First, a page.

5 Lightning Safety Tips That Most Carolinians Don’t Know
Author: Auger Law | August 8th, 2022
North and South Carolina have two of the country’s highest rates of lightning deaths. Learning these five lesser-known tips could help keep you safe as summer storms roll in.
August in the Carolinas means back to school, the start of football season, and severe thunderstorms. With hot temperatures and high humidity, August is the most active month for lightning in North and South Carolina. In fact, lightning strikes more than 40 to 50 times a second in August in the Carolinas!
Most Carolinians know to seek shelter when thunderstorms roll in. However, a survey found that many people don’t know what to do if they are outdoors and a building or car is not nearby when lightning is in the area.
Here, we share five safety tips to follow if you are stuck outside when lightning strikes.
1. Remove Backpacks, Bags, or Purses
If you are caught outside during a lightning storm, the best thing you can do is make yourself as small as possible. This means removing bags, backpacks, and purses from your person. The CDC recommends dropping these items at least 100 feet away from you, as they can attract lightning (especially if they contain metal or electrical objects).
2. Drop Your Cellphone and Car Keys 100 Feet Away From You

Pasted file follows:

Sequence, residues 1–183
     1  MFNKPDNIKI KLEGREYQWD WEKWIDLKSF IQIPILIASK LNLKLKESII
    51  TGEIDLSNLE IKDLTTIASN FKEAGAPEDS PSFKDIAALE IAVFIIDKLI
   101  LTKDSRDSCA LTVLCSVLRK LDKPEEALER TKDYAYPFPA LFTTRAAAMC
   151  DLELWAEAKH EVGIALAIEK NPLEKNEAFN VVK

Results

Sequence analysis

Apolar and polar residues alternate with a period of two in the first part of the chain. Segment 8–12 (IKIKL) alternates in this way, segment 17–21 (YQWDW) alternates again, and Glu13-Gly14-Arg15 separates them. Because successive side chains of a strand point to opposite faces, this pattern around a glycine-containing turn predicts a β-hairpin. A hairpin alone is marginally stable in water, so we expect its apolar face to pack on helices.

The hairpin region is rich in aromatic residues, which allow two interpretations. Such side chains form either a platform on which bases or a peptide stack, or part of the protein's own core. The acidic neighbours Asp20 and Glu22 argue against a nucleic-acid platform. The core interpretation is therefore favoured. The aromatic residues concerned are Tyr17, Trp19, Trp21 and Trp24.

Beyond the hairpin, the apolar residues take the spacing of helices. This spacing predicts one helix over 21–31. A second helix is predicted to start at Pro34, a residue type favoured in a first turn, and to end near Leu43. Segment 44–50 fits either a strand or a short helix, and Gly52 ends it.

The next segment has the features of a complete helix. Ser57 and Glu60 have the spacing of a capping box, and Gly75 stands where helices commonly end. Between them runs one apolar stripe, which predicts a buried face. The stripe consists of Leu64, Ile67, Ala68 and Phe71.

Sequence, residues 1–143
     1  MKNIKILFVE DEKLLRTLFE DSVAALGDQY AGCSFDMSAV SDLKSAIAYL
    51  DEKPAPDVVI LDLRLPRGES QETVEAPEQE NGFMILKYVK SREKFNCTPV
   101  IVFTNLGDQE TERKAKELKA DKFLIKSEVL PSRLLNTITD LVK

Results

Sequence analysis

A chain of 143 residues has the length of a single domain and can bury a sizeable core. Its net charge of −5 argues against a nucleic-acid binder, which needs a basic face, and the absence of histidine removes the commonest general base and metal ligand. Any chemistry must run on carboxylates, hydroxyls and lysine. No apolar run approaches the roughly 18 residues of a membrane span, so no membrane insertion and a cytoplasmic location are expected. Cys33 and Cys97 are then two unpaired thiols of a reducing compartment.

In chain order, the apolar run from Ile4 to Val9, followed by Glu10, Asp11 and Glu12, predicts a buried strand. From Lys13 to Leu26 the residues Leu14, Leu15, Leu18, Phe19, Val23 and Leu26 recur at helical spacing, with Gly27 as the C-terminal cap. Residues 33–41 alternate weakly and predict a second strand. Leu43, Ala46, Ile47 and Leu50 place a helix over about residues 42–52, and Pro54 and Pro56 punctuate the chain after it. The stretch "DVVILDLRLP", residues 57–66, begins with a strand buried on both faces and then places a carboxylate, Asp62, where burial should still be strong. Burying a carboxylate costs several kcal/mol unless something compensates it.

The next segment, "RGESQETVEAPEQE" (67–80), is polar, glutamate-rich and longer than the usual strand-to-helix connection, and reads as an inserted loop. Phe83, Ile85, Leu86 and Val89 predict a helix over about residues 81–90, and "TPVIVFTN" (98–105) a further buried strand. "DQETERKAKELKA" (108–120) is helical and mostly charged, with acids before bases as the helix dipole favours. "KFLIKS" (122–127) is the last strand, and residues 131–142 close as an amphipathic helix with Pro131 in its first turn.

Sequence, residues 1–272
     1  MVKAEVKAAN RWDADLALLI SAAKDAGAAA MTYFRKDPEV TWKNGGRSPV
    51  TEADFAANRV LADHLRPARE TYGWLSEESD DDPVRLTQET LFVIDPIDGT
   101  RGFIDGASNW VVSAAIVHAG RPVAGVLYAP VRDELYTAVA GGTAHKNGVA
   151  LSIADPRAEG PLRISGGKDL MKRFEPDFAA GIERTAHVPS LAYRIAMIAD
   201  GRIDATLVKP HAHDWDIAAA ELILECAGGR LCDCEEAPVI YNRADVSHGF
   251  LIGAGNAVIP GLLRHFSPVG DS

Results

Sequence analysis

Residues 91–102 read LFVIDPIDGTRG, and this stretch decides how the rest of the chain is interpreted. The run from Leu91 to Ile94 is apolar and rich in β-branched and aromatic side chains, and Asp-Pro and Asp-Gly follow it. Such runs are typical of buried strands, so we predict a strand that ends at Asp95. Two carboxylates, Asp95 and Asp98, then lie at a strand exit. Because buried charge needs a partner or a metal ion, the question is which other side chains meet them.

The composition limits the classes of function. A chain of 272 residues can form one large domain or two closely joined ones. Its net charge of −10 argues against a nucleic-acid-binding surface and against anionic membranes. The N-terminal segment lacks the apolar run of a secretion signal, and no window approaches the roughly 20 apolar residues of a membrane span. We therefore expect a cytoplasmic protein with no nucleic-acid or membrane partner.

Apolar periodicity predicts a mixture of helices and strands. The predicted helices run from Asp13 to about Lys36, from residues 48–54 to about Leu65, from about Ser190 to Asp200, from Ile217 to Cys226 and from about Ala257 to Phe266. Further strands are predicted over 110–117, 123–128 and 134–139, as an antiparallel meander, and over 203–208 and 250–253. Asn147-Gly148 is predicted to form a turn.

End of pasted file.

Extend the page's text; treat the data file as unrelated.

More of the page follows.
If you are carrying car keys (or house keys) or a cell phone, drop them at least 100 feet away from you. These metal and electrical items can attract lightning and conduct electricity. If you can’t remember where you dropped your keys and phone, use the “Find My iPhone” or “Find My Device” to locate them.
3. Spread Out From Others in Your Group
This is very important. Don’t huddle together with others in your group. This is because lightning can strike one person and then spread along the ground to hit people that are close. The CDC recommends a minimum of 20 feet between each person.
4. Get in the “Lightning Position”
Never lie flat on the ground. This increases your chance of being electrocuted by a ground current. Instead, get into the “lightning position.”
To get into “lightning position,” stop, squat (or sit), and ball yourself up, so you are as low as possible. Wrap your arms around your legs or put your hand over your ears to protect your ears from thunder. Close your eyes and keep your feet together at the heels. To minimize contact with the ground, try to stay on the balls of your feet as long as possible if crouching.
5. Immediately Help Someone Who Has Been Struck or Injured
Contrary to popular belief, you cannot be electrocuted by touching someone who has been struck by lightning. They’ll need immediate help from you, so call 911 and start CPR if they’re not breathing.
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